There are two basic factors involved in determining if you loving your job.  Do you love what you do and do you love where you do it?  You may enjoy being a computer programmer, but if you don’t enjoy who you work for and who you work with, you may not love your job overall.  Same thing goes if you love the people you work with, but don’t like what you do.

If you’re not sure you love your job, here are some questions to ask yourself:

Do you love Mondays?

Do you dream about work?

Do you enjoy working extra hours?

Do you show up early and/or leave late?

Would you do your job for less money?

Do you go on vacation and, after only a couple days, can’t wait to get back to work?

If you can’t answer “yes” to any of these questions, chances are you don’t love your job.  And, if you don’t love your job, you may not be willing to go the extra mile when your company needs you.



Want More Money? Work Hard

Have you ever seen that show on the Discovery Channel called “Dirty Jobs?”  The host, Mike Rowe, would tag along for a day as an assistant doing jobs that most people would find dirty, disgusting, or difficult.  One of the first episodes I remember watching featured a septic tank cleaner and a fisherman that fished for catfish with his bar hands (noodling is what I think it’s called).

Rowe recently mentioned that most of the people he featured on Dirty Jobs were millionaires.  That’s right!  These were people doing jobs that most people would never do and making tons of money doing it.  How is this possible?  They worked their butts off.  If you do the same, can you start making more money?  I say yes.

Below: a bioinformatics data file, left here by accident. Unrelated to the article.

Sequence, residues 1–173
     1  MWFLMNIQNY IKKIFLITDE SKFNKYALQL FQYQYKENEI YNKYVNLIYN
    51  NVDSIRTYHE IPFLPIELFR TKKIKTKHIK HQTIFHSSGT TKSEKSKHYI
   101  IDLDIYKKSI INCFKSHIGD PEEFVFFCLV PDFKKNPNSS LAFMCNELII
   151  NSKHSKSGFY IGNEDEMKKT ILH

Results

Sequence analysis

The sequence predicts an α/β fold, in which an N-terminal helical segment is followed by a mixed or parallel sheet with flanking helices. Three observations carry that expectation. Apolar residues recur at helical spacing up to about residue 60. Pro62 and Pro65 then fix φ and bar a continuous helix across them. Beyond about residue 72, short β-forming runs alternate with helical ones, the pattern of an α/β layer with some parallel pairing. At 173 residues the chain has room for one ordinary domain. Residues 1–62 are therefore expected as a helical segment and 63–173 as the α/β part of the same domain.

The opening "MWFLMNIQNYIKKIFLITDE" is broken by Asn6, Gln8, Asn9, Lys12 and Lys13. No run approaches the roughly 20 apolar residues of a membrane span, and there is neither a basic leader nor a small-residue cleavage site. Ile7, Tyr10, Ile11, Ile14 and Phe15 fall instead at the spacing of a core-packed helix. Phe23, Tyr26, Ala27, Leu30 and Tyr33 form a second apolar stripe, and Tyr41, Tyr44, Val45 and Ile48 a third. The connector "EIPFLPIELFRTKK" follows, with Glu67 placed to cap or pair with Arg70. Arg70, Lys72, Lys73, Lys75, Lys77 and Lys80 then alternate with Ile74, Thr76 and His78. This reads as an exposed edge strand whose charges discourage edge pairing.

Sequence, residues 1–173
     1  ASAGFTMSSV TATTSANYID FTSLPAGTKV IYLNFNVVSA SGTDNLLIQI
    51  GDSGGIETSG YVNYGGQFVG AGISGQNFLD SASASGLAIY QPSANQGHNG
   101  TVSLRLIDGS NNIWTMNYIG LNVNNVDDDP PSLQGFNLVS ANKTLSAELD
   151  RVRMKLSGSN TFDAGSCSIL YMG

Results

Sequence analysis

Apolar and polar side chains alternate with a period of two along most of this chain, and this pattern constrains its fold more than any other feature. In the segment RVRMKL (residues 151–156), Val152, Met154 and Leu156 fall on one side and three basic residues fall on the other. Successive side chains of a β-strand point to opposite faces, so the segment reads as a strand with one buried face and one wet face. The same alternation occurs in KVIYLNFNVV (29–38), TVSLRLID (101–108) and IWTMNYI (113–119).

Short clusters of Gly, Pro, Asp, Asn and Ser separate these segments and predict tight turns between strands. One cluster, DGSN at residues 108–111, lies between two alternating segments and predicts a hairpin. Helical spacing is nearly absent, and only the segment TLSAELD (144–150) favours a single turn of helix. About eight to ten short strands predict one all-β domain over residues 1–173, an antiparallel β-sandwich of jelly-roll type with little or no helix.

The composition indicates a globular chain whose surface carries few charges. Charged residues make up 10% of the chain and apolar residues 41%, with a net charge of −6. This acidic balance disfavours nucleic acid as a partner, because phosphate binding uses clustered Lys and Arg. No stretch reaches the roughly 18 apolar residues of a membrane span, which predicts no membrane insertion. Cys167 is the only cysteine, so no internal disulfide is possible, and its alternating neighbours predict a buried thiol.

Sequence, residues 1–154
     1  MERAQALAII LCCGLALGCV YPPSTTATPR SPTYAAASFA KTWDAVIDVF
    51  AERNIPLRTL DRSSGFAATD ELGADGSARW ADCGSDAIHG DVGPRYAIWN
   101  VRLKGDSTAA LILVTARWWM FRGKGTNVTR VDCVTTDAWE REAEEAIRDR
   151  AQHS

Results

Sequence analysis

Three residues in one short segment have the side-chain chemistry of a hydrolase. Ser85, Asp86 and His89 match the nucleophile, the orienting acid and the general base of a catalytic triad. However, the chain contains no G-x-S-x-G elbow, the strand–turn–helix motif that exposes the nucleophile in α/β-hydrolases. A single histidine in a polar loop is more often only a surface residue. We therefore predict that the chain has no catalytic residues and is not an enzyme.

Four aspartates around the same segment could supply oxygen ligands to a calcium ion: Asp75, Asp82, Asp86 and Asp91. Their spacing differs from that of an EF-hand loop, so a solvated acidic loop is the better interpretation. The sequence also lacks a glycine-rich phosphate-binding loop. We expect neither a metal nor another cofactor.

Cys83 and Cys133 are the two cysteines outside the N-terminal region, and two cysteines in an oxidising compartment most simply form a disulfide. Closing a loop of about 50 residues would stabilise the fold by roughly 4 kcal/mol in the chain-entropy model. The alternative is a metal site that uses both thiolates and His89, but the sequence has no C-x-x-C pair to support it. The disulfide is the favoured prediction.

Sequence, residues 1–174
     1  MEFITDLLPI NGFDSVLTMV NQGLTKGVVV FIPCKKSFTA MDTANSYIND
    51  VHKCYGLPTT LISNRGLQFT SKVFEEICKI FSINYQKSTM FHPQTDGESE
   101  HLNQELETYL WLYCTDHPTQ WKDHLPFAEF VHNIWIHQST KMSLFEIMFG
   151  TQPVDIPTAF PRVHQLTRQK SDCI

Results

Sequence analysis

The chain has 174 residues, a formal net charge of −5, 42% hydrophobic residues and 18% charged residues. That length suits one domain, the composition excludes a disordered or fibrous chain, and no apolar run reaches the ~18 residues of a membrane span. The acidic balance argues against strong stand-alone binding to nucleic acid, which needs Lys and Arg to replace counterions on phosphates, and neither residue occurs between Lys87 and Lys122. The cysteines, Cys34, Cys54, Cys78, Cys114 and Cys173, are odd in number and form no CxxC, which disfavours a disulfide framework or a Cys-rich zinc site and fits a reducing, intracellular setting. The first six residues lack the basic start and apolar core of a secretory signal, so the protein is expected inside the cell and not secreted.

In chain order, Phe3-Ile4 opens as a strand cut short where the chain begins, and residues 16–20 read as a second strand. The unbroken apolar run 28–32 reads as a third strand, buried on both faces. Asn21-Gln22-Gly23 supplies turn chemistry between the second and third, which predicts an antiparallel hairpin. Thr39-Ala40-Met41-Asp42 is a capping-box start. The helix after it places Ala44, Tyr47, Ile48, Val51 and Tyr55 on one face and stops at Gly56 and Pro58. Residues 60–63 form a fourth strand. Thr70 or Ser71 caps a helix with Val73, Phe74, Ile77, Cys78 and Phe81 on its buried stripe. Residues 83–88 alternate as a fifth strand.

Now, this doesn’t mean you need to go out and find the dirtiest job in existence to start raking in the dough.  But, you can start look at what qualities make these “dirty job” professionals successful and apply them to your own job…

Out work everyone.  Get to work early, stay late, and volunteer for any “dirty” task that no one else wants to do.

Say yes.  Don’t say no to an assignment just because it sounds hard.  Accept it as a challenge and do you best to exceed all expectations.  If you don’t know how to do something, find someone who does know and ask if you can shadow them until you learn for yourself.

Enjoy your job.  It seems like most of the folks that Mike Rowe came across found some way to love what they do.  If a guy can love cleaning septic tanks, you can certainly love your own job just as much, if not more.

Be grateful for the job you have.  So what if you’re not working for one of the Fortune 100 Best Companies to Work For.  Take matters into your own hands and do what you can to make your company a great place to work.  Start laying the groundwork for a great culture.  Recognize your coworkers who work hard and enjoy what they do.  Become a mentor and a role model that others can learn from and look up to.

Do something else.  If all else fails, and you feel like this isn’t the job for you or your hard work seems to go unnoticed, find something else.  Or better yet, start your own business.  But, don’t jump ship until you’ve actually landed that other job.